Hannah Zamora and Kayla Preston capped off their time at St. Thomas University with two of the most prominent awards offered to graduating students.
Zamora, of Niagara, ON, earned the Governor General’s Medal, while Preston, of New Maryland, NB, was the recipient of the University Medal for Arts.
“Family in the classroom and community around every corner”
The Governor General’s Medal is presented to the student with the highest academic standing in the graduating class and is the most prestigious award a student in Canada can receive.
Zamora said earning the award was an unexpected honour that she shares with her family, friends, and professors.
“Not only does it feel good to see my work pay off in this way, but it has made me reflect on the people—my steadfast family, brilliant professors, and wonderful friends—who have all played a part in getting me to where I am,” she said. “I’ve been so lucky to be surrounded with such kind, loving, supportive people and this award is as much theirs as it is mine.”
Zamora, who earned a double honours in English and Great Books, found a supportive and shared learning environment at St. Thomas—something that provided not only knowledge in the classroom, but personal growth.
“I’ve learned so much about the books I’ve read and written about here, but especially about myself and others,” she said. “It’s one thing to study fascinating subjects, but it’s another to do it alongside students, professors, and staff who have let me find family in the classroom and community around every corner.”
“Great closure to a wonderful four years”
The University Medal for Arts is the highest award offered by St. Thomas University. Preston said earning recognition of this kind “means the world” to her.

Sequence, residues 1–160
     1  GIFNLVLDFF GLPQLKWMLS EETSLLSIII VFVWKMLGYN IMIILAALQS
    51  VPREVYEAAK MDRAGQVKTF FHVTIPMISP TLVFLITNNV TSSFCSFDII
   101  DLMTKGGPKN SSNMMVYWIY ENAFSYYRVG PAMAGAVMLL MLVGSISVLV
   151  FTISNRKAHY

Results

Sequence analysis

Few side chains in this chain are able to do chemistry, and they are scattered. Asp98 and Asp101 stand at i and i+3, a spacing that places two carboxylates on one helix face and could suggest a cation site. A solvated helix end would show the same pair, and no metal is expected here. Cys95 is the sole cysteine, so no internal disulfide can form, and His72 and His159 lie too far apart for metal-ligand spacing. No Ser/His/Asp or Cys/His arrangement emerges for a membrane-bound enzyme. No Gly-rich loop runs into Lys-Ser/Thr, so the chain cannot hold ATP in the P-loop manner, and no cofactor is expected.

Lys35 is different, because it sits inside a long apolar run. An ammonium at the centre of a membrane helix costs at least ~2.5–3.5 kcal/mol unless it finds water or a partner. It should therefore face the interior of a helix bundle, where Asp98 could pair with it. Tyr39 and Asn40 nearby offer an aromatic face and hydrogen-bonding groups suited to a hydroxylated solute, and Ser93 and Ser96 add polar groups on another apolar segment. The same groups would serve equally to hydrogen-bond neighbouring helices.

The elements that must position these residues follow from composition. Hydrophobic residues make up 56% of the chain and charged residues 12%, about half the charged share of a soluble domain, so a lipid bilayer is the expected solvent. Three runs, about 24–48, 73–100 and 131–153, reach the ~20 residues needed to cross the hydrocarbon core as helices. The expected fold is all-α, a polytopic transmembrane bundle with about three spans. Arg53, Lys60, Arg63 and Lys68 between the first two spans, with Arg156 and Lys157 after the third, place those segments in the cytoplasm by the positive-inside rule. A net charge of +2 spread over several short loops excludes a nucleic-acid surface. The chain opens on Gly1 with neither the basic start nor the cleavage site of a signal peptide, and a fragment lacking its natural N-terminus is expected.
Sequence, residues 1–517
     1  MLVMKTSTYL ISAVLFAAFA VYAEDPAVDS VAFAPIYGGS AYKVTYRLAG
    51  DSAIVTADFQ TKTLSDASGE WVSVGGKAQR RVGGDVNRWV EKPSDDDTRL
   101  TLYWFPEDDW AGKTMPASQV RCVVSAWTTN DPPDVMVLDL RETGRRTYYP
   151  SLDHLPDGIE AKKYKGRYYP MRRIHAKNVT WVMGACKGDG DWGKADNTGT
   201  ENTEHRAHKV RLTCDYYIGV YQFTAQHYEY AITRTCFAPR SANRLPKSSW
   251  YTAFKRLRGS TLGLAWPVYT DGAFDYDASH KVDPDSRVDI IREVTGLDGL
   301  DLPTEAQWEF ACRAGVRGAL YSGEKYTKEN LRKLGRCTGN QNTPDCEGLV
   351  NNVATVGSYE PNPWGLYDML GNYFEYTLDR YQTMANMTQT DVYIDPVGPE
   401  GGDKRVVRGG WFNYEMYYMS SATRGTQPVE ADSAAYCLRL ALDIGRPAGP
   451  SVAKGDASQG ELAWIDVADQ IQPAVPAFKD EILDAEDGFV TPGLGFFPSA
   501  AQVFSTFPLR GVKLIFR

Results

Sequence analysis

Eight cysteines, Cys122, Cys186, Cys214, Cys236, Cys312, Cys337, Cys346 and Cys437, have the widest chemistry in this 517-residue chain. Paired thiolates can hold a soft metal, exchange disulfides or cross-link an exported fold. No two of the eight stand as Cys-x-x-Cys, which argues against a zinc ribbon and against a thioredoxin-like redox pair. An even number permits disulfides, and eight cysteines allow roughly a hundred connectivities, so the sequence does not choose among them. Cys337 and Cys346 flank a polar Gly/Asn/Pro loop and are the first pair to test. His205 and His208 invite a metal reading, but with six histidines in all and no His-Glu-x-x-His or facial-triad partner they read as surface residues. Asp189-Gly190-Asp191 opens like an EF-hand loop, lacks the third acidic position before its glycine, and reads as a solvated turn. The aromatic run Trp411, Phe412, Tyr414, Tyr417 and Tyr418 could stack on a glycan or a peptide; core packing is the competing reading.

“St. Thomas University has become a second home to me and to be given this award makes me feel even closer to STU,” she said. “Receiving this medal is great closure to a wonderful four years.”
Preston, who completed honours in Sociology, worked closely with her professors, especially Dr. Gul Çaliskan, throughout her Bachelor of Arts degree. The pair published a paper in the Postcolonial Studies Journal earlier this year and is currently working on second article.
The opportunity to get to know and work collaboratively with professors has been a highlight of Preston’s time at St. Thomas.
“STU’s small class sizes allowed me to get to know my professors and have opportunities to further my education as a research assistant,” Preston said. “STU has opened my eyes to different ways of thinking which I was not exposed to before coming to university. It has made me a critical thinker and writer and has given me the confidence to pursue an academic career.”
Preston earned a large national scholarship and will be pursuing a Master of Arts in Sociology at Dalhousie University this fall.